Statement by AKEL C.C. Spokesperson Stefanos Stefanou Turkish Foreign Minister’s statements undermine the efforts to resume negotiations
AKEL C.C. Press Office, 16thSeptember 2019, Nicosia
The new provocative statements by the Turkish Foreign Minister Mevlut Cavusoglu undermine the efforts for a resumption of substantive negotiations. Our own reply to Mr. Cavusoglu is that there is no question of any solution that will not liberate and reunite Cyprus being raised for discussion, nor any idea – new or old – for moving away from the agreed basis of a bi-zonal, bicommunal federal solution with political equality as outlined in the UN Resolutions. If Mr. Cavusoglu, in addition to public statements, raises these demands to the UN Secretary General, then – in contrast to what happened after Crans Montana – Turkey would now find itself clashing with the United Nations.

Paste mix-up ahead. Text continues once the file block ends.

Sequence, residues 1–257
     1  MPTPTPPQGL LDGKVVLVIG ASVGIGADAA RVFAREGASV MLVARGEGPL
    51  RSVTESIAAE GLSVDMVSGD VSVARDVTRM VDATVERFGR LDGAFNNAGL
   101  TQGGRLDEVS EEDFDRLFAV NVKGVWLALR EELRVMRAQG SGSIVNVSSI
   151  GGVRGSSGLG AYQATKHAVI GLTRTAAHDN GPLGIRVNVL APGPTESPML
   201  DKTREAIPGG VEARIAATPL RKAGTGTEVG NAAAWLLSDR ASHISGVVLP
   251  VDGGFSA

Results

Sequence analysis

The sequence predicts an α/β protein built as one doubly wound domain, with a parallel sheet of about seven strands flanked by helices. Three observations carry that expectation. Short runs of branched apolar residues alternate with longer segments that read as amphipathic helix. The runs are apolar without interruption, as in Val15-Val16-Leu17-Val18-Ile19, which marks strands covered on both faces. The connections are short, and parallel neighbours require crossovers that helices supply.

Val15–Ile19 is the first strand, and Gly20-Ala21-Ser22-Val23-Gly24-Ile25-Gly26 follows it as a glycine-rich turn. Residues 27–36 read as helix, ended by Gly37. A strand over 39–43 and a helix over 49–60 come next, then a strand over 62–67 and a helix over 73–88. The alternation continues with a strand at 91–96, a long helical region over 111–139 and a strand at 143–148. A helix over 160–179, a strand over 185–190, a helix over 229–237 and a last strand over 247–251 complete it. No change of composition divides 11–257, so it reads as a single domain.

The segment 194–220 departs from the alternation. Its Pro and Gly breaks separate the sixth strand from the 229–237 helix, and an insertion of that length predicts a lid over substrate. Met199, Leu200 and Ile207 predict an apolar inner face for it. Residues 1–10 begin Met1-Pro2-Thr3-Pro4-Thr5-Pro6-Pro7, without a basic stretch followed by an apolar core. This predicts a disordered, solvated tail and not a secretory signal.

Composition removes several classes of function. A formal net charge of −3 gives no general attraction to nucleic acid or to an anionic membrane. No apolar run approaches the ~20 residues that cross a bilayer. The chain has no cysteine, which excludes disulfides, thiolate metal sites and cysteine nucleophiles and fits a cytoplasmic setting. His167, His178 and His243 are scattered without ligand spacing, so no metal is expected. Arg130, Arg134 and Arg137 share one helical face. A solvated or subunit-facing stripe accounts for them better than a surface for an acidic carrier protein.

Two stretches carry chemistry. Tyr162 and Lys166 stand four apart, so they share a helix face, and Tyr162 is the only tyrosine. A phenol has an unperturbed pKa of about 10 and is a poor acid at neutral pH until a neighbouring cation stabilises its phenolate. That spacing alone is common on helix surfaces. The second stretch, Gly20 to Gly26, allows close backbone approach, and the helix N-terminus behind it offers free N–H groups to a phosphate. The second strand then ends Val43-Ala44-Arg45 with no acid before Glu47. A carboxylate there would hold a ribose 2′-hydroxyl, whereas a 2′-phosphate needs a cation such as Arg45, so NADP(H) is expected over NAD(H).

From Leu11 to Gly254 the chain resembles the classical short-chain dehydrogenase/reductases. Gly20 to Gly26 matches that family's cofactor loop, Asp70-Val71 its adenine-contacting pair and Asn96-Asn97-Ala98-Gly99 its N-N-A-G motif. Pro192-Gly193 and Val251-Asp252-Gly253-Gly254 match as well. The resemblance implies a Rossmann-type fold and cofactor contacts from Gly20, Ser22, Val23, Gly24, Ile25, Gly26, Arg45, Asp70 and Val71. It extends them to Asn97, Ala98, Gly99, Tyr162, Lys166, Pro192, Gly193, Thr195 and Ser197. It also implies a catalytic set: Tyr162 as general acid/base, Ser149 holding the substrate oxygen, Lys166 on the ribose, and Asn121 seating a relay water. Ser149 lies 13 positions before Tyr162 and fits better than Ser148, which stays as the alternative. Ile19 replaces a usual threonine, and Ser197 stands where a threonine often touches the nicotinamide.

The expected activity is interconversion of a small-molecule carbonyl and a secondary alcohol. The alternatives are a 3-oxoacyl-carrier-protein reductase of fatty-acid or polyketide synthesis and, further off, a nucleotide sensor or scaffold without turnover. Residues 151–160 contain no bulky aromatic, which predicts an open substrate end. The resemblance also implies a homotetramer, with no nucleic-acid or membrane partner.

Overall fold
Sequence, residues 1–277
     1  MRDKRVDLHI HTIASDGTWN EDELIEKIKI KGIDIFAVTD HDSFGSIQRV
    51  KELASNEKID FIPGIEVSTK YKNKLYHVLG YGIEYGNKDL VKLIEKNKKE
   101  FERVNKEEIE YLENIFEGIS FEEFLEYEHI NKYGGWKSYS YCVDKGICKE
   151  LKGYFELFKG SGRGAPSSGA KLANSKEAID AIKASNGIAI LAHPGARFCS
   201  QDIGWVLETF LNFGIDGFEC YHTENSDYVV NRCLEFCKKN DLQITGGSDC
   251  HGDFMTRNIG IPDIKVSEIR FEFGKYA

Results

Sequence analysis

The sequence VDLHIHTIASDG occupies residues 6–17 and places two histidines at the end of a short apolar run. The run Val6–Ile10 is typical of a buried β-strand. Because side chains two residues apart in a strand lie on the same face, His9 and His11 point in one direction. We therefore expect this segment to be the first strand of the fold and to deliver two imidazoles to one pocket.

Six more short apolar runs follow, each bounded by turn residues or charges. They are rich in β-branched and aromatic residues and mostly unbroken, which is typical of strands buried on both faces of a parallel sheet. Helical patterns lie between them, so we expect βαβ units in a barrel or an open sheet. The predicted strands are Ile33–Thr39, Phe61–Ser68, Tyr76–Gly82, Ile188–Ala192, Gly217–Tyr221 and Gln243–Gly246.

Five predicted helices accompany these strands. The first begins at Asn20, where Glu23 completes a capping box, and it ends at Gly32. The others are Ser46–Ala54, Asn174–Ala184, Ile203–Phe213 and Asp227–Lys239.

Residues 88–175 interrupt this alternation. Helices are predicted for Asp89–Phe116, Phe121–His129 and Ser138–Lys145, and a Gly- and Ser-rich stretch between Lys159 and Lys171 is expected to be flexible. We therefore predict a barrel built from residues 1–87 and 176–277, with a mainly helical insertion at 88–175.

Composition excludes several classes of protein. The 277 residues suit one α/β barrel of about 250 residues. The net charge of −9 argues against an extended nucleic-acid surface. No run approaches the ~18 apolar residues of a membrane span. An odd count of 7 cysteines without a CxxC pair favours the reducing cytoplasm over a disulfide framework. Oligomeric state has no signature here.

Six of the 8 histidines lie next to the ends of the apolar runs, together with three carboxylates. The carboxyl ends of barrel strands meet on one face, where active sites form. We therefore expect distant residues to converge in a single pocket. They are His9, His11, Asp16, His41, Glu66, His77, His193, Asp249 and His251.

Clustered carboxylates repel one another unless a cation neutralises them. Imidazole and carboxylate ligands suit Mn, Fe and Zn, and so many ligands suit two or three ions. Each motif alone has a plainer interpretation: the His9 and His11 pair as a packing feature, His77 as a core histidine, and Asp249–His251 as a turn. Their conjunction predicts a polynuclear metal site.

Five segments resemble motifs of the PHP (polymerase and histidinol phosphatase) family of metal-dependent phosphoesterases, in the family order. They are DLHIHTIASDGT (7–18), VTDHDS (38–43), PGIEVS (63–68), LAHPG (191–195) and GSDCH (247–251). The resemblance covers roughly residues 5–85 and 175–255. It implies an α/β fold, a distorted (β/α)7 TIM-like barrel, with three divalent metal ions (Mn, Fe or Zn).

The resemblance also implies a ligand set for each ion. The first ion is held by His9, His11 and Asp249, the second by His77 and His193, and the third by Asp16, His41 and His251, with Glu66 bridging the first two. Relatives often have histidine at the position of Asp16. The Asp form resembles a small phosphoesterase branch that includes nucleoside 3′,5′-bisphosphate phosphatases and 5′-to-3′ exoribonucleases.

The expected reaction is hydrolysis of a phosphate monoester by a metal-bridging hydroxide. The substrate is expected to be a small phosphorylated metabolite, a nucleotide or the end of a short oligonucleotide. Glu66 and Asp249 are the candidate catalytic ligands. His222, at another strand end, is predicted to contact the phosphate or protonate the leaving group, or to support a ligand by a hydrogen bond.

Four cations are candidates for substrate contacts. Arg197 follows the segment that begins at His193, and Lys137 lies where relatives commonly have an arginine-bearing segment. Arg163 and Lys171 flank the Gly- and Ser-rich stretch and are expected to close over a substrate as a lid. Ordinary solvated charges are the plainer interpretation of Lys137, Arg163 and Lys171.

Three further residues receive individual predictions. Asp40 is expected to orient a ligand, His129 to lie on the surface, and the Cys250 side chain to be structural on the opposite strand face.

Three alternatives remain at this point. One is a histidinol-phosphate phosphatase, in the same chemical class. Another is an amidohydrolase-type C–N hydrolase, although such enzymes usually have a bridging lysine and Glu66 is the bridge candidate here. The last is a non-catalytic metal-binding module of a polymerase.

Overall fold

We are obliged to study and assess the overall picture surrounding the Cyprus problem. The situation is on a really dangerous path. Turkey’s plans for the colonization of the fenced-off city of Famagusta are almost certainly not some flash in the plan, as the government ruling forces were initially stating, but threats that are being set in motion to be implemented.
The illegal Turkish actions in the Cypriot Exclusive Economic Zone have not ended and worst of all is that they do not encounter the reaction demanded on the part of the international community. At the same time, there is a dangerous negotiating gap on the Cyprus problem, while the prospect of a resumption of substantive talks is at a stalemate. The occupation is being consolidated and the division is continually sliding to an irreversible point.
All of these developments must provoke concern and be the subject of reflection by everyone. Against the backdrop of this dangerous and worrying situation, the Greek Cypriot side must remain steadfastly focused on the efforts for a resumption of negotiations from the point which they had remained before they broke down at Crans Montana on the basis of the 2014 Joint Declaration, the convergences that were recorded and the Framework of the UN Secretary General.